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Politics of Tuesday, 21 June 2016


Lead campaign for solutions: Floating voters told

Floating voters must lead a campaign to demand from political leaders workable solutions to the perennial floods in Accra, as the 2016 electioneering season heats up, the President of the Full Gospel Church International (FGCI), Bishop Samuel Noi Mensah, is advocating.

“While many people would vote along party lines, floating voters must ensure only courageous, visionary leaders who wish to find lasting solutions to the flood situations are elected into office.

“Are we not tired of repeating the cycle annually with monotonous speeches, when we could have gathered a team of engineers, camp them, and task them to come up with workable solutions that would address the challenges once and for all? The Bishop queried.

Bishop Mensah who is also a leadership and governance consultant, told the Daily Graphic in Tema at the weekend that while citizens’ irresponsibility could not be ruled out of the country’s present predicament in connection with a complete leadership, failure could equally be attributed.

“Accra’s floods have been with us since the 1960s with successive governments making several commitments, some of which were recently reproduced by the Daily Graphic, yet in 2016, people are still dying as a result of floods,” he said.

Describing the recurring floods in Accra as a man-made disaster, Bishop Mensah suggested that the failure of successive governments to crack the whip for fear of losing elections had bred an indisciplined society.

“Humans by nature are disobedient, but if a strong leadership exists to ensure the right things are done, people would conform,” Bishop Mensah stressed.

He indicated that politicians had succeeded in dividing the nation along partisan lines.

Majority of the people, Bishop Mensah said, had disconnected from the country because there was no room for progress.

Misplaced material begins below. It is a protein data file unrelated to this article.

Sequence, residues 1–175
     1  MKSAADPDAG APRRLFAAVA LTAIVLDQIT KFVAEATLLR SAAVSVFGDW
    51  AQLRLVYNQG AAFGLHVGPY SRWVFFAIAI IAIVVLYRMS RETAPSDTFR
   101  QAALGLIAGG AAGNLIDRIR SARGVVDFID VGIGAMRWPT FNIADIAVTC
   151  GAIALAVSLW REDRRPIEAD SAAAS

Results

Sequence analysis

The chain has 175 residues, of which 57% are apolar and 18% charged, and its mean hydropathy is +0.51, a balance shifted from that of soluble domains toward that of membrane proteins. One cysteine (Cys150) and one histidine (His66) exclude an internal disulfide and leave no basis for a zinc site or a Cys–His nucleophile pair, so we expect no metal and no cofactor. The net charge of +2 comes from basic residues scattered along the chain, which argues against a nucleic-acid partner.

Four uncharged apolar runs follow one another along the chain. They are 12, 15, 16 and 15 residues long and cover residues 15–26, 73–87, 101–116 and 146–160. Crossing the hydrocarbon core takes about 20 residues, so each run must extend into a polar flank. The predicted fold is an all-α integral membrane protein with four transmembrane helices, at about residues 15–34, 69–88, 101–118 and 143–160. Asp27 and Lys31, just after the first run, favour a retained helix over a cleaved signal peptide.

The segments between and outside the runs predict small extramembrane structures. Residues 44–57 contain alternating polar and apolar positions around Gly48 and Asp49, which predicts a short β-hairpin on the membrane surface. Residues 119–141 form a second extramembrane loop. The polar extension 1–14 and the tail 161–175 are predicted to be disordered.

“The two major political parties are engaged in a battle to pull each other down, forgetting the need to look at a greater vision of developing the country in unity.

“People are forgetting that the failure of a government is the failure of Ghana,” Bishop Mensah added.

He reckoned that no one political party gets an overwhelming majority in the country’s national elections.

“The percentage has always been 50 plus one, so any president that comes to rule must be able to bring the 49 per cent on board to drive the country’s development.

“We must be able to overcome the partisan politics monster. Until we do so, our development would continue to remain at a slow pace,” Bishop Mensah counselled.

He was of the view that the faith sector had been left out of the country’s transformational agenda, even though the people governing and those being governed belong to churches, mosques and temples, among other religious establishments.

Calling for the need for the government to partner faith-based organisations, Bishop Mensah suggested that governance ought to be a three-legged school which encompassed; politics, society and the church or religious groups.

“In an attempt to change the mind set and attitudes of the people, the role of the church cannot be overruled”, Bishop Mensah underscored.

Faith-based organisations, he said, had built more schools and health institutions prior to the government absorbing such, “hence, we must know that their role is very critical in national development.